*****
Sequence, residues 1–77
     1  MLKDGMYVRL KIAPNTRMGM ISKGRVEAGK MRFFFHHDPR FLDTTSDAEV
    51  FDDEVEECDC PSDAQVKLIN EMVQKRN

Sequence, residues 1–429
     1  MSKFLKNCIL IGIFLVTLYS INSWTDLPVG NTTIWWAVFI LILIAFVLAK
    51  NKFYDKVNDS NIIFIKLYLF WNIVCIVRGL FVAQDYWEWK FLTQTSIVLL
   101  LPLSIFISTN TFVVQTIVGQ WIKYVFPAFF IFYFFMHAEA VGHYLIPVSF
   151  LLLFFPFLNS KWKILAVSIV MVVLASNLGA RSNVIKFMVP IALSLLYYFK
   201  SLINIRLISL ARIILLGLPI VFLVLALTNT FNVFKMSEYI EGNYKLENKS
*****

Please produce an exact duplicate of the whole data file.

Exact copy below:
Sequence, residues 1–77
     1  MLKDGMYVRL KIAPNTRMGM ISKGRVEAGK MRFFFHHDPR FLDTTSDAEV
    51  FDDEVEECDC PSDAQVKLIN EMVQKRN

Sequence, residues 1–429
     1  MSKFLKNCIL IGIFLVTLYS INSWTDLPVG NTTIWWAVFI LILIAFVLAK
    51  NKFYDKVNDS NIIFIKLYLF WNIVCIVRGL FVAQDYWEWK FLTQTSIVLL
   101  LPLSIFISTN TFVVQTIVGQ WIKYVFPAFF IFYFFMHAEA VGHYLIPVSF
   151  LLLFFPFLNS KWKILAVSIV MVVLASNLGA RSNVIKFMVP IALSLLYYFK
   201  SLINIRLISL ARIILLGLPI VFLVLALTNT FNVFKMSEYI EGNYKLENKS